This brief review of the Club’s history would not be complete without an expression of gratitude to the spirit behind the creation of the I.C. Club of Canada, the Late Bruce Harrison and those who have served on the Club’s executive, particularly its presidents: Laird Watt, Walter Martin, John Proctor, Jim Skelton, Frank Mott-Trille, Brian Flood and David Dimmer.
The IC Business Report is designed to provide the IC Council and all ICs of the World with a yearly update of the club’s members, events and general activities. It allows ICs to share best practices, to learn from each other, and to give feedback to the IC Council. Furthermore, the Council is then able to monitor ‘issues of major concerns and general improvements’ and to ascertain how it can help to improve these.
38 out of 42 ICs responded to the 2019 survey, which was distributed via Survey Monkey. The missing ICs were Bulgaria, Croatia, Finland and Romania. For completeness, the 2018 report for Finland and the member demographics for Bulgaria from previous years have been included in this analysis for a vis-à-vis comparison. This means we have data for a total of 40 ICs (out of 42), with missing data for Croatia and Romania. Last year we recorded data for 40 ICs (out of 40), including 36 template responses and four email messages.
It is really positive to see such high responses. Ideally, every single IC should be responding as this ensures that the information collected is more informative for both the Council, Regional Representatives and each individual IC.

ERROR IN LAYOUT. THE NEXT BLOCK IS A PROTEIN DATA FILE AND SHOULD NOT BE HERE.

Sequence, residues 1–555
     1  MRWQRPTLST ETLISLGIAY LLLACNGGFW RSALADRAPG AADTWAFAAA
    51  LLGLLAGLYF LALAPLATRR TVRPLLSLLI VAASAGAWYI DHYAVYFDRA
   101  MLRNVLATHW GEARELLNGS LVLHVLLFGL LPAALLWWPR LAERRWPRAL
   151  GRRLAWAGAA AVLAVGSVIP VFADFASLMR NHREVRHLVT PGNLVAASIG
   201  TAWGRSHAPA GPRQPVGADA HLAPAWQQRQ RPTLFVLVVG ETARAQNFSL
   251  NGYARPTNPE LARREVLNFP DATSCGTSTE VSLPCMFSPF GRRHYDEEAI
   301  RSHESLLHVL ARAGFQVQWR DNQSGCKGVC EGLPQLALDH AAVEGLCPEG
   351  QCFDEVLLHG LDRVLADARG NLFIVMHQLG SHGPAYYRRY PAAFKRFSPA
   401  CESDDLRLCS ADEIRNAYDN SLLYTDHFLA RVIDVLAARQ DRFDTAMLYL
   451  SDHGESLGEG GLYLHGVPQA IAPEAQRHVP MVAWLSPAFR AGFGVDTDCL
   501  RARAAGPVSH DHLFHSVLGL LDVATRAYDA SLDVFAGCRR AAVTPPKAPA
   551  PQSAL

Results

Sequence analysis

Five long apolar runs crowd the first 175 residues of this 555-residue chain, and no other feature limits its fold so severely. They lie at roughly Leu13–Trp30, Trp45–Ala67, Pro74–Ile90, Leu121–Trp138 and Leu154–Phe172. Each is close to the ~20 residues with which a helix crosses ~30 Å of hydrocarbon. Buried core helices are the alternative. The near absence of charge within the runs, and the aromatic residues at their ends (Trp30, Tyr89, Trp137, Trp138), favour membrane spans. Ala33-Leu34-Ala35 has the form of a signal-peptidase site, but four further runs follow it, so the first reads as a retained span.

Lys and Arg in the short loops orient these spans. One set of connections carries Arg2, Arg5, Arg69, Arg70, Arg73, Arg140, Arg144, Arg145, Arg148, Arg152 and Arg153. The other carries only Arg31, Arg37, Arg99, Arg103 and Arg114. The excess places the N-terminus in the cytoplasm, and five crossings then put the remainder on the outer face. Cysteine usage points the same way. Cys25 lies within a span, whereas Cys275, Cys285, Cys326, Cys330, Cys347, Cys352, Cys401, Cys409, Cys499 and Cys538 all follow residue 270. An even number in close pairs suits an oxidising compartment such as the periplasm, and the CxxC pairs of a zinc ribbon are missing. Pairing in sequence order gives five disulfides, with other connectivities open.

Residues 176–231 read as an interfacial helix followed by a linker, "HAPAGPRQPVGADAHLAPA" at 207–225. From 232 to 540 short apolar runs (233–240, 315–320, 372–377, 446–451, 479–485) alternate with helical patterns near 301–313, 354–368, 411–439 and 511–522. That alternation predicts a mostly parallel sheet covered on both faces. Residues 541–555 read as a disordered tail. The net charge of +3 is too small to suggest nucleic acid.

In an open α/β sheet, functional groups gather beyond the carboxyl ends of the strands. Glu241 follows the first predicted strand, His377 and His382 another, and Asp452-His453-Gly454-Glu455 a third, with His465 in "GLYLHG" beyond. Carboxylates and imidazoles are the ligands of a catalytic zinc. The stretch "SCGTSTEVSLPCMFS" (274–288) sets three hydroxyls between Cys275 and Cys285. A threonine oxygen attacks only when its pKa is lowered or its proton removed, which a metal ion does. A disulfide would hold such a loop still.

Each ICs President and Honorary Secretary has already received a copy of their responses and an individual report.
Additionally, the Regional Representatives of the Executive Committee participated in a discussion on the findings and key issues in each region. We have included this analysis at the end of the report and are deeply grateful for their contribution.
For any questions or feedback, please email both Gustavo Herrero (Honorary Secretary) and Tash Starling (Website & Communications) at the IC Council:
IC Junior Challenge
Areas of concern and other comments
Regional Representatives Meeting
Vis-à-vis last year’s Business Returns (taking the 39 respondents which completed both years templates), there has been a modest 1.3% net increase in the total number of members (accounting for deceased members). Gender distribution remains fairly stable over the last seven years, with 71% male and 29% female members. It can be perceived that we are experiencing an aging effect of our membership, with approximately 65% of the total being ‘senior’ (i.e. over 55 for males and over 50 for females), with only 16% in the ‘younger’ category (i.e. under 45 for males and under 40 for females).